• Rafuse J. Seventy-five years later, insulin remains Canada’s major medical-research coup. Can Med Assoc J. 1996;155:1306-1308.
  • Rosenfeld L. Insulin: discovery and controversy. Clinical Chemistry. 2002;48:2270-2288.

Frederick Banting’s role in the discovery of insulin is undisputed.

However, for many decades, the role of each of the other three men involved — Charles Best, J.J.R. Macleod and James Bertram Collip — was disputed by many.

Despite anyone’s personal opinion, the discovery of insulin during the summer of 1921 was one of the most influential discoveries in medical history, and the idea behind it was Banting’s. Although he lacked knowledge of diabetes and clinical research, his unique knowledge of surgery, combined with Best’s knowledge of diabetes, made for the perfect research collaboration.

Insulin, the first available medicine for the treatment of diabetes, changed the meaning behind the diagnosis. People with type 1 diabetes could thereafter expect a longer, richer life.

A big idea

Banting was born in 1891 in Ontario, Canada. He attended Victoria College, a school for ministry at the University of Toronto. After a little more than a year, he transferred his focus from ministry to medicine.

Once he earned his medical degree, he was sent overseas with the Royal Canadian Army Medical Corp to fight in World War I. At the end of the war in 1919, he returned to Toronto and became a resident of surgery at the Hospital for Sick Children. During his time there, Banting gained a thorough understanding of surgery, mostly orthopedic, and anesthesia. Shortly after, he left the hospital to open a general surgical practice in London, Ontario.

By this time, Banting was about 27 years old. His slow practice in London was a financial concern, and he often expressed dreams of important or groundbreaking research in his personal journals.

The night before he was to give a lecture on the topic of the pancreas, Banting’s interest in diabetes and pancreatic extract was sparked by an otherwise unremarkable article in Surgery, Gynecology and Obstetrics, “The relation of the islets of Langerhans to diabetes, with special reference to cases of pancreatic lithiasis.” In it, the author writes about the discovery of a stone blocking a pancreatic duct. Blocking of pancreatic ducts led to the atrophy of the externally secreted acinar cells, leaving the internally secreted islet cells intact.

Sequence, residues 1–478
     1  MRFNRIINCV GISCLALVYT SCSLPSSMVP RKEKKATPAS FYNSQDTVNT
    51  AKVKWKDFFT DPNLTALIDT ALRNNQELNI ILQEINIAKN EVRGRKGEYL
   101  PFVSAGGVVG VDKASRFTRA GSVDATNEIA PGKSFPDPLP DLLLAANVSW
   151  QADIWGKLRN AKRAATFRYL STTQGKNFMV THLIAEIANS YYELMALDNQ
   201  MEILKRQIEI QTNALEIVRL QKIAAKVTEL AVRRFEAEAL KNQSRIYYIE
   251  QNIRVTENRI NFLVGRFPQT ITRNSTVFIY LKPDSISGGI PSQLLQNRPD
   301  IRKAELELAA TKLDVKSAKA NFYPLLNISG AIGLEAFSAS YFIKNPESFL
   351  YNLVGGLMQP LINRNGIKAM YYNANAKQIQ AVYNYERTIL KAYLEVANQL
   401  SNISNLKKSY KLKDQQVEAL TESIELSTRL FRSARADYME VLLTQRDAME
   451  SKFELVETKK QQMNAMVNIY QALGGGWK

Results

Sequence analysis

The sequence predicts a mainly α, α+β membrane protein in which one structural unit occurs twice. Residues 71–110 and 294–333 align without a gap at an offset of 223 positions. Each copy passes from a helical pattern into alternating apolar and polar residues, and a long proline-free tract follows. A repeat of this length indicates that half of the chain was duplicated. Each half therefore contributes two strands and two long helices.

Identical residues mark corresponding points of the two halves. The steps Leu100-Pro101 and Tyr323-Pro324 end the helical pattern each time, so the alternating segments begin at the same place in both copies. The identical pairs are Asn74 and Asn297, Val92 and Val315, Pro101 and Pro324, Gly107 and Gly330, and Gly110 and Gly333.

Banting had an idea to intentionally ligate pancreatic ducts, allowing time for the acinar cells to degenerate, leaving just the islet cells. He posited that isolating this internal secretion, which was already proven to help metabolize sugar, could be a treatment for diabetes.

Other experiments with the extract of the pancreas had been conducted throughout the first two decades of the 20th century, but no one has been able to eliminate the toxic reactions that followed after treatment initiation. This would prove to be the key to treating diabetes with insulin.

A new experiment

The institution where Banting worked in London, Ontario, was not set up to conduct the type of large experiments that he would require to prove his theory. He was advised by a mentor to go to the University of Toronto and speak with Macleod, a well-known physician in the field of metabolism and diabetes. After much discussion, Macleod offered Banting a chance to conduct his experiments at the University of Toronto during the summer months of 1921.